As an investor for the long term, it always warms the cockles of my heart to read all the negative articles about one of the greatest stocks on the planet, Johnson & Johnson (JNJ). To me that means there is more upside ahead.
I suppose the many articles written right here on Seeking Alpha took the baton from our old pal Warren Buffett. He actually sold about 2/3 of his stake in JNJ after grumbling that the company had disappointed him.
In a this recent article, it was noted:
"Berkshire pared its holdings of Johnson & Johnson (JNJ) by about two-thirds to 10.3 million shares. The world's biggest health-products maker was ordered in April to pay more than $1.1 billion in fines after an Arkansas jury found the firm misled doctors and patients about the risks of antipsychotic medication Risperdal. The company has also struggled with recalls of artificial hip implants and over-the-counter medicines.
"It's still got a lot of wonderful products and it's got a wonderful balance sheet and all of that, but there have been too many mistakes," Buffett told CNBC in a Feb. 27 interview."
Well, boo-hoo Mr. Buffett. But I think you're just flat out wrong here, and are overreacting to a few missteps that the company has faced.
OK, so they stopped all work on its recent Alzheimer's drug (read the report here), but so did Pfizer. And it seems to me that by discontinuing all of the work on this drug, more research and development funds can be put to other uses which will have a better shot at coming to the market. Plus, they are NOT giving up on this research completely:
"While we are disappointed in the results of the two bapineuzumab IV studies, particularly in light of the urgent need for new advancements in Alzheimer's disease, we believe that targeting and clearing beta amyloid remains a promising path to potential clinical benefits for people suffering from this disease," said Husseini K. Manji, global therapeutic head for neuroscience at Janssen Research and Development LLC.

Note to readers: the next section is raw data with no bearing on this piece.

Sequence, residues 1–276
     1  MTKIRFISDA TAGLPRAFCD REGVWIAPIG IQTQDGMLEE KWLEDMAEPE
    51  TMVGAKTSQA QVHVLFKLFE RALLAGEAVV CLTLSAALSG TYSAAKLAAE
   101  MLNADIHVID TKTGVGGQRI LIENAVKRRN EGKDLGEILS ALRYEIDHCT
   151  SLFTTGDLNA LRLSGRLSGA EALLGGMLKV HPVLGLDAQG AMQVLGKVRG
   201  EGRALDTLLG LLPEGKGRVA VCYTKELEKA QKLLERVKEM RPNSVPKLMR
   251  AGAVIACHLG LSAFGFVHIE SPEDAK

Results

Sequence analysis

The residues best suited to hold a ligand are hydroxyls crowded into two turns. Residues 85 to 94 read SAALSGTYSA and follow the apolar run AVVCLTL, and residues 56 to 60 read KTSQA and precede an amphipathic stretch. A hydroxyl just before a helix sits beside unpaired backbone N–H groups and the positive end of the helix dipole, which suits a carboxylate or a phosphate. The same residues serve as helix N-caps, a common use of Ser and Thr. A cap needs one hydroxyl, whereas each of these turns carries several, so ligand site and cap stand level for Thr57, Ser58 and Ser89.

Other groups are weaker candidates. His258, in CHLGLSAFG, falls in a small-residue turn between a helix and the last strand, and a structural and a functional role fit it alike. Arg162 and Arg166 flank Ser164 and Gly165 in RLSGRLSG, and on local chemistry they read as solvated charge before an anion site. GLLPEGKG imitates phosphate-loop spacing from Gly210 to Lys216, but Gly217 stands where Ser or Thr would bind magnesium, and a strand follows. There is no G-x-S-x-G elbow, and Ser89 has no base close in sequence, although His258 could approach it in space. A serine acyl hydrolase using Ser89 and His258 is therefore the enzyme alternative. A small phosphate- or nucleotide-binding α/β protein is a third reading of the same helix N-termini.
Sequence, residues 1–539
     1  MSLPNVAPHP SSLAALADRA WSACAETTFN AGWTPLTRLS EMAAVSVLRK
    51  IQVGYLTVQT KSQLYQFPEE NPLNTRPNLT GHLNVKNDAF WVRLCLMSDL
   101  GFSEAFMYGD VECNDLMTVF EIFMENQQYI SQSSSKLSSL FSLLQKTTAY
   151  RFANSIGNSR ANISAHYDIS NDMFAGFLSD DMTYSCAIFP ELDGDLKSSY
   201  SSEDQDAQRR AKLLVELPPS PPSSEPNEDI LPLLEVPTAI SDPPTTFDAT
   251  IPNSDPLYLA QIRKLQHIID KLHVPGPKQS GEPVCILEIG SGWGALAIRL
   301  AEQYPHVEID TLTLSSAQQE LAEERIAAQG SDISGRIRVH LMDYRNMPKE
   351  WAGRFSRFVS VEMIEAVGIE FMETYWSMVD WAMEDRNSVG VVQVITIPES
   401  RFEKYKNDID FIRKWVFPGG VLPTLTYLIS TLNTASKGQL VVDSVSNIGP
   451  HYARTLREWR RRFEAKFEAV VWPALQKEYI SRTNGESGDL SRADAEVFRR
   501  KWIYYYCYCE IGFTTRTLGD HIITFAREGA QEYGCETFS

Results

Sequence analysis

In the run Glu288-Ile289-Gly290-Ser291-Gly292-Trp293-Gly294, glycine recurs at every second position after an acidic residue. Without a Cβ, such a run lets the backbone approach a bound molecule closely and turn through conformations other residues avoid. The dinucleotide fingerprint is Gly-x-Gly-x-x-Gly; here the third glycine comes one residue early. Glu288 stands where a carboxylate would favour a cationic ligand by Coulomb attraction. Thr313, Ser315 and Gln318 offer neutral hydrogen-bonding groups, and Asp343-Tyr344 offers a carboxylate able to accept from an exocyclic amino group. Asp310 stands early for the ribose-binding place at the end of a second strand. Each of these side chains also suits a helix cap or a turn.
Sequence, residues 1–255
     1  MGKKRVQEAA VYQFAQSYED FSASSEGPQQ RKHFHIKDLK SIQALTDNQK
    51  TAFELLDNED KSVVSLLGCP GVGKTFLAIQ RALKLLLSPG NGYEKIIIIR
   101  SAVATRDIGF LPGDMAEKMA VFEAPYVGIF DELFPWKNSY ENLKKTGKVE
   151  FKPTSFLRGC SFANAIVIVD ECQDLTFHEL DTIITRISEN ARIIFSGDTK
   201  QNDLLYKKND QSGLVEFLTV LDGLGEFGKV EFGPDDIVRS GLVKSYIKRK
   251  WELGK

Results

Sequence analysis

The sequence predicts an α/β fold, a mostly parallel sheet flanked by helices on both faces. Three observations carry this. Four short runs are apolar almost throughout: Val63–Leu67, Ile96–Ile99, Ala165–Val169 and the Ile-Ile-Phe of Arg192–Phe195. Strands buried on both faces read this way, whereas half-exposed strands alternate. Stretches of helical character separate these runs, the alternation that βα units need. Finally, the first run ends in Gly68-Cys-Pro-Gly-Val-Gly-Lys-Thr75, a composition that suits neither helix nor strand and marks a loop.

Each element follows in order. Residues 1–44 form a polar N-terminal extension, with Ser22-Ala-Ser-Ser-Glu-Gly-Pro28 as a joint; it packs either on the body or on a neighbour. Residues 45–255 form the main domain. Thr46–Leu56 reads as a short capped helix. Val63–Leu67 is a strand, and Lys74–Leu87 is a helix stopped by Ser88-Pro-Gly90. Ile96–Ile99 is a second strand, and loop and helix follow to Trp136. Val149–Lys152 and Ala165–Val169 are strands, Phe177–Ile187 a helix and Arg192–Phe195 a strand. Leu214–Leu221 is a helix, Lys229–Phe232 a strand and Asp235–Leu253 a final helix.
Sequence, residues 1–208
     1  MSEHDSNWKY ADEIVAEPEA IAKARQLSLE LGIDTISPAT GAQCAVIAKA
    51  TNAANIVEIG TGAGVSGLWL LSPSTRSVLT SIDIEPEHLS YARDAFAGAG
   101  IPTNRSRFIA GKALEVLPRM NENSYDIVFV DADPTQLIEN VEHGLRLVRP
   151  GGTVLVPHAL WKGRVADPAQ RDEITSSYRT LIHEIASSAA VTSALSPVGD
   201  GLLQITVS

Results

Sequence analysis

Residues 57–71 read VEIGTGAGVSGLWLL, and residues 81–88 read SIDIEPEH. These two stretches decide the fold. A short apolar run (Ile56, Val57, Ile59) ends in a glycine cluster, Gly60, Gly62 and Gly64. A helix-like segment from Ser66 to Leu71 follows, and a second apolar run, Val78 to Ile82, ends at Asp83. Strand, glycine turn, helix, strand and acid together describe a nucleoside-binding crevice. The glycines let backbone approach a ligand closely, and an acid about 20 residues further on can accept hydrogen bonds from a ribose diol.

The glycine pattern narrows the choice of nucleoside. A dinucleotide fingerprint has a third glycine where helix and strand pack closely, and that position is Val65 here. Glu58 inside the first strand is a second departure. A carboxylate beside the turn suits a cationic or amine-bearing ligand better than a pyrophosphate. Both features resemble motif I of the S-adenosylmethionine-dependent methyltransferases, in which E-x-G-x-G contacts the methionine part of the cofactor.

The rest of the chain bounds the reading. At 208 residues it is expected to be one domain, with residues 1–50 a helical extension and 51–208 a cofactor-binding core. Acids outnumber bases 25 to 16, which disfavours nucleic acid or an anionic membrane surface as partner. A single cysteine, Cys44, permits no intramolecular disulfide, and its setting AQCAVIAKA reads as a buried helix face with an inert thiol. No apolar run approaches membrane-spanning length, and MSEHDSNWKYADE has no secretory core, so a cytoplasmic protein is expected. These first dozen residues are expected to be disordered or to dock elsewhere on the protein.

Johnson & Johnson Stock Remains A Keeper
First, let's accept the fact that there have been some headwinds of late. Has anyone known any company that has never faced any headwinds? Not to mention that JNJ has been a dividend winning stock for decades.
How can investors become so fickle, seemingly overnight, when this stock has performed so well for so long?
Lets look at a few charts.
Since the S&P hit bottom back in 2009, JNJ's share price has gone from around $56/share up to about $68/share. A 20% increase, even with all of the missteps that Buffet pointed out.
The dividends have increased steadily during that same time frame, as they have for the past 50 consecutive years.
An increase of 20% roughly, in dividends paid, is not that bad either. When was the last time you had a 20% "raise" in any 3 year period?
A company that increases dividends every year, has a pretty stable share price that has risen nicely, and has also increased shareholder equity significantly is a stock I want to own in my portfolio, probably forever.
So What Do The Analyst's Say?
Back on July 5th, I wrote this article which pointed out quite clearly what had happened just weeks before:
- Johnson & Johnson was upgraded by analysts at JPMorgan Chase from a "neutral" rating to an "overweight" rating. They now have a $74.00 price target on the stock.
- Johnson & Johnson was upgraded by analysts at Raymond James from a "market perform" rating to an "outperform" rating. They now have a $72.00 price target on the stock.
- Johnson & Johnson was upgraded by analysts at Jefferies Group from a "hold" rating to a "buy" rating. They now have a $72.00 price target on the stock.
Not one of these analysts has changed their opinions OR estimates. They could obviously make some changes in the future, but in the face of the "Buffett Effect," they have not.
I do realize that revenues and profits have gotten squeezed, and last quarter was not stellar, but so what? I am not going to change my long term opinion of a mega cap, blue chip, dividend winning stock because of a few issues or a few weak quarters.
Johnson & Johnson has stood the test of time. The company has worked through all sorts of issues and will continue to face them and overcome them.
The stock price is near a high, and profit taking was inevitable. If this stock dips a little more, I am going to be adding more shares to my core holdings. Right now the dividend yield is about 3.70%, and for a company that puts shareholders first, I am a proud owner, and holder, of JNJ shares.